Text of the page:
(IV) Farwell Malcolm, son of Farwell and Abigail (Merriam) Cowee, was born in Westminster, Massachusetts, January 8, 1820, died in Berlin, New York, February 13, 1895. He lived in Westminster during his boyhood days; in 1838 he removed to Troy, where he entered business. In 1841 he bought a farm in Berlin, New York, where he was also interested in the Henry Harrington Manufacturing Company, makers of mowing machines, but his principal business was farming. He was a Republican and was elected and served as supervisor for several years. He was a very prominent church worker, a member of the First Baptist Church and a deacon, and was active in Sunday school as a superintendent for many years. Farwell M. Cowee was married, February 15, 1844, to Sarah Elizabeth Godfrey, born in Berlin, August 8, 1820, died July 14, 1889, daughter of Josiah Godfrey, of Rhode Island, and Sarah (Burnell) Godfrey. Josiah Godfrey was the son of Robert Godfrey, born 1733, son of John (2) Godfrey, born January 31, 1703, son of John (1) Godfrey, born 1680, married, May 28, 1701, Elizabeth, daughter of Caleb Carr, who was governor of Rhode Island. Children of Farwell Malcolm and Sarah Elizabeth (Godfrey) Cowee:

  1. Abigail;
  2. Millicent;
  3. Malcolm G.;
  4. Anna;
  5. Arthur;
  6. Willis Judson;
  7. James Clarence, born August 25, 1863, a prominent business man of Troy, president and treasurer of the David Judson Coal Company, married, June 25, 1891, Bertha, daughter of Theodore and Matilda E. (Price) Hyatt; children: Marjory H., Constance H., Theodore H. and James Farwell.

(V) James Farwell, eldest son of David (2) and Mary Elizabeth (Young) Cowee, born in Troy, New York, September 23, 1844. He was educated in the public schools and Troy Academy, entered Williams College, class of 1865, but left college during his junior year. He entered the store of John L. Thompson Sons, as a clerk, January 18, 1864, was admitted as partner, February 1, 1869, and so continued until the incorporation of John L. Thompson Sons & Company, July 1, 1903, when he was elected president of the company, a position he now (1910) most worthily fills. He is a director of the Manufacturers' National Bank and is interested in other Troy enterprises, but his greatest interest through his entire business life has been the John L. Thompson & Sons Company.

He is an elder of the Presbyterian church and actively interested in church work. He is a member of the Masonic order, Sons of the Revolution, and Delta Kappa Epsilon fraternity. His social clubs are the Troy and Pafraets Dael, both of Troy. He married, April 22, 1869, Nancy Louise Denison, of Berlin, New York, daughter of Pardee N. and Aurora (Streeter) Denison. Child;

  1. Harvey Denison, born May 22, 1874; educated at Albany Boys Academy and Sheffield Scientific School, Yale University; he was elected vice-president of the John L. Thompson Sons & Company in 1903, after a previous service of six years; he married Louise Bontecou Cluett.

(The Merriam Line)

Nathan Merriam was a lineal descendant of Joseph Merriam, who came to America about 1638 and settled in Concord, Massachusetts; with him came brothers Robert and George. They were sons of William Merriam, of Hadlow, Kent county, England. Joseph was the founder of the Merriam family of Westminster, Massachusetts.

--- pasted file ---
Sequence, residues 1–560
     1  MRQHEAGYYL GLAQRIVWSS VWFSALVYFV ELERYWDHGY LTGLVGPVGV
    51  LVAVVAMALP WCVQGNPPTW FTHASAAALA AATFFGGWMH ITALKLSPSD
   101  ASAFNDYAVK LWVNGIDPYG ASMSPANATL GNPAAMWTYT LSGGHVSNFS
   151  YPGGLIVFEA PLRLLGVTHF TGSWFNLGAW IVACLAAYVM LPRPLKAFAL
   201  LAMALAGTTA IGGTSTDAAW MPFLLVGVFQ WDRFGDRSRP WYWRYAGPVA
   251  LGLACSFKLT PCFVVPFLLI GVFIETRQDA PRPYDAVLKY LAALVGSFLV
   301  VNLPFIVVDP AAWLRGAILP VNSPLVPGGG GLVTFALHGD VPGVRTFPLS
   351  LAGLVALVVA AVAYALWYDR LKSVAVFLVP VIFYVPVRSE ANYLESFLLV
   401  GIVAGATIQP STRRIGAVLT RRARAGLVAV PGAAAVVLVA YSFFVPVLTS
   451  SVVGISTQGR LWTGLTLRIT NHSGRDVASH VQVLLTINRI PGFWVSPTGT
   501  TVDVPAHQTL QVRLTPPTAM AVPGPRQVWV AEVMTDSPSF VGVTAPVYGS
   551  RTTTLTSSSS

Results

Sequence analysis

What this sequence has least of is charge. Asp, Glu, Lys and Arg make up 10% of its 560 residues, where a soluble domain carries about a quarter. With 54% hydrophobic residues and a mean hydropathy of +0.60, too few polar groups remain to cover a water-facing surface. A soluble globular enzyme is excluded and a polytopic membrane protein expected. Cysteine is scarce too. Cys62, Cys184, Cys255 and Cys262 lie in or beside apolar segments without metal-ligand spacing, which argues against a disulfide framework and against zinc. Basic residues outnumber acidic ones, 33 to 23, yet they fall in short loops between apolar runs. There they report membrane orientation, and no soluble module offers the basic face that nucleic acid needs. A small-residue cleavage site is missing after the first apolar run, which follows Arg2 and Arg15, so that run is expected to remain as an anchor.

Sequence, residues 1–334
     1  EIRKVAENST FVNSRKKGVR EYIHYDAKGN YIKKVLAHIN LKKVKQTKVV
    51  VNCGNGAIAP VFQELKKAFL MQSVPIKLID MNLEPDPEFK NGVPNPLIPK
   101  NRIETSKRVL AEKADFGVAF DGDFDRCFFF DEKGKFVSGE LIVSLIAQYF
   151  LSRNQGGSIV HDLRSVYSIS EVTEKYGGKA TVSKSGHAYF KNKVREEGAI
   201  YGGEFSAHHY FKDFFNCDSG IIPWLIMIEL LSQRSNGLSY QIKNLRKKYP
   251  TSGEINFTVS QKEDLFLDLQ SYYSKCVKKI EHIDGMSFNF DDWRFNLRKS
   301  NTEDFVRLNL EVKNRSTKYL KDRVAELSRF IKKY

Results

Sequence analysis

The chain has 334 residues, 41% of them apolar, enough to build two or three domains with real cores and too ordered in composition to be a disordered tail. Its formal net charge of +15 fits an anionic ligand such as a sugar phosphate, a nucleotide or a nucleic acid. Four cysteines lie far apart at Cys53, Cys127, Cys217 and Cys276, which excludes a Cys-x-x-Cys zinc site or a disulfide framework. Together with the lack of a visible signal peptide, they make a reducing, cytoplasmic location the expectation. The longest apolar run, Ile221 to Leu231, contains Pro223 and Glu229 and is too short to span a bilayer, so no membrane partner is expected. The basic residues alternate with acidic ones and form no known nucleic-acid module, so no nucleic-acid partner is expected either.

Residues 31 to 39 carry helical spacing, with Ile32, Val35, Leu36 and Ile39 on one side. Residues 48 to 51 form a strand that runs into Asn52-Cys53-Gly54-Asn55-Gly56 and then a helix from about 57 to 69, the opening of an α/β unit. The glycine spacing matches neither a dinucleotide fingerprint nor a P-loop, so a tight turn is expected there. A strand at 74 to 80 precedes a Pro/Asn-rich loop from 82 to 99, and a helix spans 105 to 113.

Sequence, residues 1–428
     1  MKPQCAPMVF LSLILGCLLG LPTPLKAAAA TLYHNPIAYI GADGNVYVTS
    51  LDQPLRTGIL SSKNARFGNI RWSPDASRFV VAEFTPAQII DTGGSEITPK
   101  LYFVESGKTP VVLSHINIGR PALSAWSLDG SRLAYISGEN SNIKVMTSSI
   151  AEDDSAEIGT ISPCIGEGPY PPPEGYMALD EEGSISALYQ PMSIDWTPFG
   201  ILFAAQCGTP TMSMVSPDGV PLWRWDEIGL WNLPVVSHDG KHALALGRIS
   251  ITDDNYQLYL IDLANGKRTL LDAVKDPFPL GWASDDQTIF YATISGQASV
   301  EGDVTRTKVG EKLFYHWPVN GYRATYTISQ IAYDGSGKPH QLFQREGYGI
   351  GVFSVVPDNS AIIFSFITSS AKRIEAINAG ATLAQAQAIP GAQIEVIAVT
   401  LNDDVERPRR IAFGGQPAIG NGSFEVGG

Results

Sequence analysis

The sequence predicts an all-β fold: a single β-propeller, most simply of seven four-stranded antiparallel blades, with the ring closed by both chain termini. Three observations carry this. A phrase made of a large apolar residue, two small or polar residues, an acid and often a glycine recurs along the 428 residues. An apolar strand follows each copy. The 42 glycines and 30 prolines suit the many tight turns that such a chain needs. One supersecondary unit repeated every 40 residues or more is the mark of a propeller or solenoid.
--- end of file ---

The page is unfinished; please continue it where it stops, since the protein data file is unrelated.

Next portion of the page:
(II) Joseph (2), son of Joseph (1) Merriam, married Sarah Stone.

(III) Thomas, son of Joseph (2) and Sarah (Stone) Merriam, was born in 1672, married Mary Harwood.

(IV) Thomas (2), son of Thomas (1) and Mary (Harwood) Merriam, married Tabitha Stone, of Waltham, and located in Lexington, Massachusetts.

(V) Samuel, eldest son of Thomas (2) and Tabitha (Stone) Merriam, born December 21, 1723, was dismissed from the Lexington church to the Westminster church. He married Anne, daughter of David and Rebecca Whitney, of Waltham, June 4, 1752, and had seven children.

(VI) Nathan, sixth child and second son of Samuel and Anne (Whitney) Merriam, was born April 29, 1764, married Abigail, daughter of Abner and Elizabeth (Darby) Holden.

(VII) Abigail, daughter of Nathan and Abigail (Holden) Merriam, born January 29. 1795, died September, 1820, married Farwell Cowee.

(The Holden Line)

Abigail Holden, wife of Nathan Merriam, was a descendant of Justinian Holden, who at the age of twenty-one years, in the year 1634, sailed from Ipswich, England, for America; became one of the first proprietors of Watertown, Massachusetts, where he died. He became a man of substance and owned a farm of two hundred and ninety-four acres, now (1910) one of the most valuable tracts in the suburbs of Boston. Name of his first wife is unknown; he married (second) Mary, daughter of Thomas Rutler, who bore him four sons, all of whom were prominent in the growth and development of Westminster, Massachusetts.

(II) Deacon Joseph Holden, son of Justinian and Mary (Rutler) Holden, was born at Watertown, Massachusetts, September 6, 1683. The inscription of his gravestone best expresses his standing in Westminster, "Deacon Joseph Holden, deceased November 3, 1768, in the eighty-fourth year of his age. He brought his family into this town in ye year 1737, being ye second family; was ye first Deacon of ye Church gathered here and faithfully discharged the duty thereof. Mark ye perfect and behold ye upright for the end of that man is Peace." He married (first) Abigail Shattuck; (second) Elizabeth ————, who survived him. He had seven children, all by his first wife.

(III) Abner, fourth son of Deacon Joseph and Abigail (Shattuck) Holden, was born November 2, 1722. He was clerk of the district and town of Westminster for many years, was repeatedly on the board of assessors, for nearly twenty years selectman, and for twenty years was the leading magistrate of the town. He was a member of the first provincial congress in 1774, a delegate to the convention called to adopt the state constitution in 1779, and the first representative of the town to the general court established by that constitution. He was a brave and devoted champion of the cause of independence, and did his utmost for its success. He married, February 25, 1752, Elizabeth, daughter of Andrew and Elizabeth Darby, who shared his fortunes more than half a century and survived him seven years. He died October 22, 1805, aged eighty-two years; she died November 12, 1810, aged eighty-three years. They were the parents of nine children.

(IV) Abigail, eighth child of Abner and Elizabeth (Darby) Holden, was born August 25, 1767, married Nathan Merriam (see Merriam VI).